<node id="26212605" lat="49.588555" lon="11.0014352" version="7"
      timestamp="2013-01-08T17:55:18Z" changeset="14577549" uid="479256"
<way id="2293021" version="12" timestamp="2013-01-08T17:55:13Z"
      changeset="14577549" uid="479256" user="geodreieck4711">
  <nd ref="26212605"/>
  <nd ref="9919314"/>
  <nd ref="2101861553"/>
  <nd ref="10443807"/>
  <tag k="bicycle" v="designated"/>
  <tag k="cycleway" v="segregated"/>
  <tag k="foot" v="designated"/>
  <tag k="highway" v="cycleway"/>
  <tag k="segregated" v="yes"/>
  <tag k="surface" v="asphalt"/>
The code shows that the nodes (i.e. the points) are referenced in so-called “ways”. This kind of reference is, however, not part of Solr and so our software needs to resolve this reference. As OpenStreetMap for Germany contains a few million nodes, de-referencing is not an easy to solve problem. We chose an approach using a key-value database (LevelDB). Polygons or lines are displayed in the so-called Well-Known-Text-Format (WKT) in Solr. The respective objects have to be converted from the OpenStreetMap format to WKT. We learned in our project that this is not quite so simple. WKT uses the orientation of the polygons to decide about inside and outside areas of the polygons. This, however, does not matter in the least for OpenStreetMap. Many polygons there use an incorrect orientation. So, all polygons have to be converted to the correct orientation (anti-clockwise), which can be achieved by calculating the area. The implementation of so-called relations is even more difficult than that of the above mentioned paths. Relations can connect paths with each other and so create non-continuous polygons. Luckily, there is also a multi-polygon form in WKT and Solr. Polygons can also contain “holes”. This can be mapped in WKT, but is irrelevant for our use case (e.g. there could be a hole in a wood if there is a lake, however, the hole is irrelevant for all distance calculations from outside).


OpenStreetMap contains an unbelievable amount of interesting data for all kinds of questions. However, some objects (e.g. the location of fire hydrants or the color of park benches) are irrelevant when trying to qualify an address or for vicinity search. To keep memory requirements for indexing minimal we filtered them out. The same applies for certain, not immediately relevant contours like e.g. buildings, agricultural roads, etc. The solution can, however, be configured to use these attributes as well should the need arise. The actual implementation of the filter consists of two steps: objects to be considered are defined via positive list. Some may later on be identified as irrelevant and will then be removed via negative list. As certainly not all attributes are relevant, the irrelevant are removed dynamically. The result of these steps is data ready for direct indexing by Solr.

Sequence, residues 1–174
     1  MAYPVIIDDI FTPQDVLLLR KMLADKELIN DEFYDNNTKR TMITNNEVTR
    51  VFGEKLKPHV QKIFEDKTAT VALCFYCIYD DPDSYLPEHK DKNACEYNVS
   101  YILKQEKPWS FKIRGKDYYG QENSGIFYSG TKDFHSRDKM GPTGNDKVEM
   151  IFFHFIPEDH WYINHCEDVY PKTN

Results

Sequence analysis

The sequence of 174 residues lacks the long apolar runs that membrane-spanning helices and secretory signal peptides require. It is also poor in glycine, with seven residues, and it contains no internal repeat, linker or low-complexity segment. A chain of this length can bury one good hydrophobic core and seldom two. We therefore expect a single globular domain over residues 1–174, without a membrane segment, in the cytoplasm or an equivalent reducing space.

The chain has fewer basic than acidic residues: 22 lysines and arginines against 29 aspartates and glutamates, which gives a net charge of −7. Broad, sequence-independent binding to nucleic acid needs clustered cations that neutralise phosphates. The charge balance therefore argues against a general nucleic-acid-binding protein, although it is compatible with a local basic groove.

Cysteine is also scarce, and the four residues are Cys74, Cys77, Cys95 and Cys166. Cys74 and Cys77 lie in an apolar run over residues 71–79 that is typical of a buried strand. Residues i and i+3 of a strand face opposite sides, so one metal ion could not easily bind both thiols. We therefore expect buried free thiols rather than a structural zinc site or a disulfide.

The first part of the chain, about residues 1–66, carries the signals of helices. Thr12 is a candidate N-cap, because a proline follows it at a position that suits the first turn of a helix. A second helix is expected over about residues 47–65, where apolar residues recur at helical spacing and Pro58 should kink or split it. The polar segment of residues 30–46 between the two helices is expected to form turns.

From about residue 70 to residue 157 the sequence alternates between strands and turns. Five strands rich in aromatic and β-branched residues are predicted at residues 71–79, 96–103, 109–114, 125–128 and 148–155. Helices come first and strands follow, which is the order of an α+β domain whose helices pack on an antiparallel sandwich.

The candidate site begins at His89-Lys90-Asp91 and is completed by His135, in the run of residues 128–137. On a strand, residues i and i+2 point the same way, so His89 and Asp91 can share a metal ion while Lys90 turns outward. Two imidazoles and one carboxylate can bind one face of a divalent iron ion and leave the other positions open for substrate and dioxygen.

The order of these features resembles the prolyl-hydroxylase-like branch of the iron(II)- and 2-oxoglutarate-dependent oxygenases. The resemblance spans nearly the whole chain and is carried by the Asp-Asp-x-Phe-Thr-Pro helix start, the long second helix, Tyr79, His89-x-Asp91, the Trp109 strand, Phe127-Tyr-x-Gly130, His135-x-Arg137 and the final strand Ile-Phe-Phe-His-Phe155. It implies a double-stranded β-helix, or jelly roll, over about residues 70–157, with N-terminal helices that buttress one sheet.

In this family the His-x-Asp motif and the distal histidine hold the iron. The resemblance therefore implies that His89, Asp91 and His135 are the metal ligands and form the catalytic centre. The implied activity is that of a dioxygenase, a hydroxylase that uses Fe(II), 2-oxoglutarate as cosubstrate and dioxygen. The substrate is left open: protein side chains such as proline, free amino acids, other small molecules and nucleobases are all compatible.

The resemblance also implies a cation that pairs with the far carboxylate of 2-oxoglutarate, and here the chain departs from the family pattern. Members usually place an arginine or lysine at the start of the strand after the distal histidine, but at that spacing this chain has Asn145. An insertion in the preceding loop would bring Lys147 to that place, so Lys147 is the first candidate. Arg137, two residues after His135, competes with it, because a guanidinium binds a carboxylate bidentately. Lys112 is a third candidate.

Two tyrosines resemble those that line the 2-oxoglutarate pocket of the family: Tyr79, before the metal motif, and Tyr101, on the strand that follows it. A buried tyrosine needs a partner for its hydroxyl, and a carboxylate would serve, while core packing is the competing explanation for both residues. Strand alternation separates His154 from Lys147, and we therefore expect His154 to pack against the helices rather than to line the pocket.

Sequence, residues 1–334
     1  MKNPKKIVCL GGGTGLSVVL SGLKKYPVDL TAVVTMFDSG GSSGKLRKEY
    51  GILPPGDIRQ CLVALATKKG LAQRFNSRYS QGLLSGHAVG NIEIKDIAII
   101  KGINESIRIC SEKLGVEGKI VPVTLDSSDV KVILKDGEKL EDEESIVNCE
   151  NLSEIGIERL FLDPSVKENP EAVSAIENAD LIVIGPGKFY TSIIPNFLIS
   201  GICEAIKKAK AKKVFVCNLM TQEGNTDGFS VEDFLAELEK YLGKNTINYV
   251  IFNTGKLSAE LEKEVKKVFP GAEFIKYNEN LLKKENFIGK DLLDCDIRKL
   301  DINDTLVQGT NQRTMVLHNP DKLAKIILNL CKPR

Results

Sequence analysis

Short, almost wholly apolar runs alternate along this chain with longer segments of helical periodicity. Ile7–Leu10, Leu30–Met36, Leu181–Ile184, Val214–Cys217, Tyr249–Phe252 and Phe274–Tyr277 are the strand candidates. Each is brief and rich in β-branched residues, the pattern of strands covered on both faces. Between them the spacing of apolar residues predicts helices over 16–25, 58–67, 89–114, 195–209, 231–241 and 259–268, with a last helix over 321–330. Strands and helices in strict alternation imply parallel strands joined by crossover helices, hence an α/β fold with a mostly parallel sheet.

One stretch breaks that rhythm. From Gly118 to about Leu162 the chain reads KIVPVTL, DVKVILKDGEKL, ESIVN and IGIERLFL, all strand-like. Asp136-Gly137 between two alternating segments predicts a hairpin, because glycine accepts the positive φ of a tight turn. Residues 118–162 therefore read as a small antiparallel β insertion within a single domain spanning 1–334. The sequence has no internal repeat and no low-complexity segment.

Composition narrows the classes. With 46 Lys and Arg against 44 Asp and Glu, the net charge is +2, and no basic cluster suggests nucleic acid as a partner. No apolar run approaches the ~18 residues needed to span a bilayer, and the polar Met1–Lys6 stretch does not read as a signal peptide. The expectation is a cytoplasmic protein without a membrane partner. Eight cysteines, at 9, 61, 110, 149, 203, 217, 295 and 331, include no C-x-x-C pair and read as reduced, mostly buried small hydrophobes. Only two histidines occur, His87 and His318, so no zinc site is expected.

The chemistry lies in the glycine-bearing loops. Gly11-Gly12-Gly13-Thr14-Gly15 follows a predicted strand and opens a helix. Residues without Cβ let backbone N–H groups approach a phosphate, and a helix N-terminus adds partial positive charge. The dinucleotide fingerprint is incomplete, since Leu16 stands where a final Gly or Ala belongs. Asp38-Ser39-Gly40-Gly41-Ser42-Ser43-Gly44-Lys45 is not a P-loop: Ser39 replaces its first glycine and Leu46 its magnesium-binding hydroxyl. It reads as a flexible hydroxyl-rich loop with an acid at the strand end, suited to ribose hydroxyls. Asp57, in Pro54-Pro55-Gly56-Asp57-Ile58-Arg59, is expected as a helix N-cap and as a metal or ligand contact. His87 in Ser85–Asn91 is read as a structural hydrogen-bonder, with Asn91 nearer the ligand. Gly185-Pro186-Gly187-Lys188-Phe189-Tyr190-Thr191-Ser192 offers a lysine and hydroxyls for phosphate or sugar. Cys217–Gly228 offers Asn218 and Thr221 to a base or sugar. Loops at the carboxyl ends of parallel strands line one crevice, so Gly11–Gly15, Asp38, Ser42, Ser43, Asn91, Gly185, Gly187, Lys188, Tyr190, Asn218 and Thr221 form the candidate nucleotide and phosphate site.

Indexing with Apache Solr

The next step is indexing the relevant data. This is processed as a batch job that can be parallelized as CPU is the limiting factor for geospatial data (especially contours). On a standard PC with 8 GB RAM and a 2.5 GHz Quad-Core processor all data on Germany can be indexed in approximately a day. We added some further optimizations like caching, commit-interval, etc. but describing them would exceed the scope of this paper.

Once this step is completed, we have a Solr-indexed version of OpenStreetMap data available to be used for searches.

Process flow describing the integration of OpenStreetMap data into the index server.

Examples of Search in Geospatial Data

Proximity search is a fairly basic and general search which Solr can implement without any problems. For example let’s take a look at the geospatial coordinated of our Nuremberg office (49.447206,11.102245) and search all objects within a radius of 1 kilometer (max.) . The results is a Solr search like: {!geofilt sfield=geo pt=49.447206,11.102245 d=1}. After only a short while (much less than 1 sec), we get results, however, there are 630 of them with only the first 10 displayed (this can be configured quite easily). The results are not sorted by distance as this is currently a quite memory intensive task in Solr and not an advisable solution for the high amount of data in the index. It is, however, easy to reduce the distance and rerun the search. Faceting is one of the most interesting aspects of the search when using Solr. This means simulating additional search criteria and showing the number of results if these were applied. If for example we facet via the field amenity the result is the following:
<lst name="amenity">
  <int name="recycling">22</int>
  <int name="restaurant">22</int>
  <int name="telephone">18</int>
  <int name="pub">16</int>
  <int name="kindergarten">13</int>
  <int name="post_box">13</int>
  <int name="fast_food">9</int>
  <int name="school">9</int>
  <int name="vending_machine">8</int>
  <int name="place_of_worship">7</int>
  <int name="biergarten">5</int>
  <int name="cafe">5</int>
  <int name="university">4</int>
  <int name="bank">3</int>
  <int name="fuel">3</int>
  <int name="pharmacy">3</int>
  <int name="doctors">2</int>
  <int name="hospital">2</int>
You can facet not only by amenity but also by any other indexed field, like e.g. landuse etc. It is also possible to facet functionally, e.g. to calculate the sum of surfaces (in the future). The options for the qualification of data that result are quite extensive and can be used for exploration as well as statistics. Faceting is not possible in classic databases and this is another reason why we chose to use Solr in our solution.

“In the vicinity of/close to”…

As said before, the data of all of Germany can be indexed with standard hardware. It is easy to try and check which kinds of interesting information this will yield for one’s own place of residence (quite often something new) or to check out holiday destinations. If you enter the addresses of friends you can surprise them with your local knowledge. Depending on the accuracy needed, you only have to have a bit of time and some GBs of hard drive storage on hand. The information can also be used in other ways. Companies can for example collect important addresses in their vicinity (pharmacies, doctors, etc.) With OpenStreetMap’s license this can also be offered as a service (“We prepared the most important addresses in the vicinity for your employees”).